On corporate earnings calls, top executives are weighing in on the state of the consumer — in a good way.
Here’s what a few said in recent weeks, courtesy of The Transcript newsletter:
"Across the board, we’re seeing continued consumer strength" - Procter & Gamble (PG) CFO Jon Moeller
"Consumer and retail spending continues to be strong in the U.S." - 3M (MMM) CEO Mike Roman
"Consumer confidence is still reasonably high" - Hilton Worldwide (HLT) CEO Christopher Nassetta
Economic data backs up these comments. U.S. retail sales, a key measure of consumer spending tracked by the Census Bureau, rose 4.1% year-over-year as of September. The unemployment rate, as tracked by the Bureau of Labor Statistics, fell to 3.5% in September, the lowest level in 50 years, while average hourly earnings rose 2.9% year-over-year.
The next jobs report is released on Friday. Wall Street is expecting the addition of 93,000 jobs during the month, a slowdown from September’s 136,000. But the light expectations comes amid the recent General Motors (GM) worker strike. Even with this one-off weakness, Friday’s report provides another window into the strength of the consumer, which is highly correlated to the state of the labor market.
Looming consumer speed bumps
While the aforementioned executives remain largely upbeat about the consumer, some executives sounded the alarm about prolonged trade tensions affecting the consumer.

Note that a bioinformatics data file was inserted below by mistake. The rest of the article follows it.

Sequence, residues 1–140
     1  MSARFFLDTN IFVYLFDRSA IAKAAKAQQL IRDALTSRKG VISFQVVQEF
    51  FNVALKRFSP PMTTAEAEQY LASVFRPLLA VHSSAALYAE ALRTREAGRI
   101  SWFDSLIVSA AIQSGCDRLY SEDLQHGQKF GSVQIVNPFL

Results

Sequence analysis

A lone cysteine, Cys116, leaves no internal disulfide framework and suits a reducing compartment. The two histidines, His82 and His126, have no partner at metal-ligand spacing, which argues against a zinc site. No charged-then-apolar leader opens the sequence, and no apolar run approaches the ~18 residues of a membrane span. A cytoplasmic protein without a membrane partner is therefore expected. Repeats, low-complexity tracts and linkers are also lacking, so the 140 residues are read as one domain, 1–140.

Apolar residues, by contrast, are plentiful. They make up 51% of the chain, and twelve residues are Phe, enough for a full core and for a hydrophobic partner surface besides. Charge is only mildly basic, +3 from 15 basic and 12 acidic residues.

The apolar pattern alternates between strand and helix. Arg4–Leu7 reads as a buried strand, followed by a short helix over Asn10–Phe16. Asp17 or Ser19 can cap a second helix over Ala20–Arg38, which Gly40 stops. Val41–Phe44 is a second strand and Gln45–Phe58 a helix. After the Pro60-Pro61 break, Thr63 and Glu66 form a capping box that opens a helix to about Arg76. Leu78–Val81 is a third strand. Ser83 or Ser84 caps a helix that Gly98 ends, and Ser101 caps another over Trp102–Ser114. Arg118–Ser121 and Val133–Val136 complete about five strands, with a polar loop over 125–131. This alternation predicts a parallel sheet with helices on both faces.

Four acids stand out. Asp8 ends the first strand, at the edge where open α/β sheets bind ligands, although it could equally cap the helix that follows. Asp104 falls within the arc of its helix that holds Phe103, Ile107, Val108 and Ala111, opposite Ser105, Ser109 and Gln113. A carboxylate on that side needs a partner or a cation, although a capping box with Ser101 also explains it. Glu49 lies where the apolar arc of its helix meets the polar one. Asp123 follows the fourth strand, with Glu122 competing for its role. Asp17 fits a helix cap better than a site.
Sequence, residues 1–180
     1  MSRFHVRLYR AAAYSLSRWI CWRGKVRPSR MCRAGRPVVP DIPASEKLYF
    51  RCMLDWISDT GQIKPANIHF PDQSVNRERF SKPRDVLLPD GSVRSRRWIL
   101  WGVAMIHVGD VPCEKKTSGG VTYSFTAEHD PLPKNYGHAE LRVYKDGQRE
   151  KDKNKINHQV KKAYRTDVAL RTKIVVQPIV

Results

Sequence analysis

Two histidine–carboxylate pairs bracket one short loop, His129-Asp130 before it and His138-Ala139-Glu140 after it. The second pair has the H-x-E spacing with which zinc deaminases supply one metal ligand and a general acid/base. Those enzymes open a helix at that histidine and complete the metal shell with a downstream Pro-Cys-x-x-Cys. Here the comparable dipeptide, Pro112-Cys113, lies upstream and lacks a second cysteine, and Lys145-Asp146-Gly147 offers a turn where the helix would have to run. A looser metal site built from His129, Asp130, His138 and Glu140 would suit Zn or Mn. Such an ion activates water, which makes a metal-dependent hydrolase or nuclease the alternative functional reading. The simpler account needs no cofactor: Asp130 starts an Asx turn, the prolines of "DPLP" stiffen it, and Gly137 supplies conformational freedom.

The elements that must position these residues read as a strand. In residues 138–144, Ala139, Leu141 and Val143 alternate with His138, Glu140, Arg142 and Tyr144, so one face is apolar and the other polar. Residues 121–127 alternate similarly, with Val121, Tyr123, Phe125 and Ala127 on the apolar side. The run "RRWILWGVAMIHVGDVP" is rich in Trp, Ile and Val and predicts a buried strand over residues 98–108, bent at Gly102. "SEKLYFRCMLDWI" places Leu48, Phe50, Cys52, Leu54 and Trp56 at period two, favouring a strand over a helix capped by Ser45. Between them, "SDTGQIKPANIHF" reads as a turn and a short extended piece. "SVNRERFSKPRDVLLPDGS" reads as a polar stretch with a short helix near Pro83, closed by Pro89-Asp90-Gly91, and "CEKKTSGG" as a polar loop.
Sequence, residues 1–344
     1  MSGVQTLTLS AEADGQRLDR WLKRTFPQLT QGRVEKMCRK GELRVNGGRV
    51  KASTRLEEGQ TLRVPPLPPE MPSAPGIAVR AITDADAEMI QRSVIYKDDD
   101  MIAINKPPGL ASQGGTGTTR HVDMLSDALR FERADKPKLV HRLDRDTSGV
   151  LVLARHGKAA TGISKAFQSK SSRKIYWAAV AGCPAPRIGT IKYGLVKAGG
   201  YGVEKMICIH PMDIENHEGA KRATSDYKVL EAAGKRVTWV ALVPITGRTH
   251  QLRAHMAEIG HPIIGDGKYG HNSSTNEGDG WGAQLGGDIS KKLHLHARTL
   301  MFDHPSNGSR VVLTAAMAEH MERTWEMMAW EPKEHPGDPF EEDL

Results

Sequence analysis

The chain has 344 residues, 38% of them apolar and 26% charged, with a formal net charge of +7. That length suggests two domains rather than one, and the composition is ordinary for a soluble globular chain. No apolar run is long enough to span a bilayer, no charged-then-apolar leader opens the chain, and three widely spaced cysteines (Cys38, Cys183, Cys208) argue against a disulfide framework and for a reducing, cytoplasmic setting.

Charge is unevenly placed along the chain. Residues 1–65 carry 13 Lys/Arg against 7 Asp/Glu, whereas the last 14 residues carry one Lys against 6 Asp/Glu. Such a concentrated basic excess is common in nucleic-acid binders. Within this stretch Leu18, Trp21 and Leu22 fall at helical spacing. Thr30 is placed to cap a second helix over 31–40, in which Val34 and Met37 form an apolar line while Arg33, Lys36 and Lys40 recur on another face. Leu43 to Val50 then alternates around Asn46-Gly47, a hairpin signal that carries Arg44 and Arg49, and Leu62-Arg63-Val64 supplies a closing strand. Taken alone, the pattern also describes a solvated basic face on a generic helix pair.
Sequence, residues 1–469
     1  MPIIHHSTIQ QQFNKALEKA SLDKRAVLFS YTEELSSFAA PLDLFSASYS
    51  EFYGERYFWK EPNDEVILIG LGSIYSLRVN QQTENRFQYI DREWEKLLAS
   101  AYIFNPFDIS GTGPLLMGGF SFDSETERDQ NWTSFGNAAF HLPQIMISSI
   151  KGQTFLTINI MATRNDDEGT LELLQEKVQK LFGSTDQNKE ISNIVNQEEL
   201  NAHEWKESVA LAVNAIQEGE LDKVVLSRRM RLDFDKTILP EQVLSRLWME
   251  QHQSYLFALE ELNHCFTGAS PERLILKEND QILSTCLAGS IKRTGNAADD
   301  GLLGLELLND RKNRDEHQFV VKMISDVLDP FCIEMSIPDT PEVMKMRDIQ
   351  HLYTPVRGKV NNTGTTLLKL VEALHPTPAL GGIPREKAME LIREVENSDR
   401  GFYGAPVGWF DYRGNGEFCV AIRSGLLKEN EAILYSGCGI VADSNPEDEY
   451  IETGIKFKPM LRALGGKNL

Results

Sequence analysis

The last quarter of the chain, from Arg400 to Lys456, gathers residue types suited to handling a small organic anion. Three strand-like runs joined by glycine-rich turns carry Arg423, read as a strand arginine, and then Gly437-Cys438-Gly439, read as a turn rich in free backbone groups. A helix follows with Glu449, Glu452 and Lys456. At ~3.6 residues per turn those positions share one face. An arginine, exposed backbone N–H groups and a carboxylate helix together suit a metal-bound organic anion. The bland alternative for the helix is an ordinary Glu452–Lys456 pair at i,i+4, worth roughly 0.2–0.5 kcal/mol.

"If the tariffs and inflation persist, we feel like the more cash-strapped consumer will have to make some decisions, not much different than what we would face with rising fuel prices and ordinary inflation," said O'Reilly Automotive (ORLY) CEO Greg Johnson.
A new round of tariffs on imports from China, including tariffs on toys, are set to take effect on December 15, although there is ample time for the U.S. to delay or remove the round of tariffs completely.
Still, Hasbro (HAS) CEO Brian Goldner warned of possible price increases on consumers, in the company’s earnings call last week:
“if the December 15 tariffs were to go into effect, we would take pricing to again protect our gross margin and those price increases would be passed along to consumers.”
Scott Gamm is a reporter at Yahoo Finance. Follow him on Twitter @ScottGamm.
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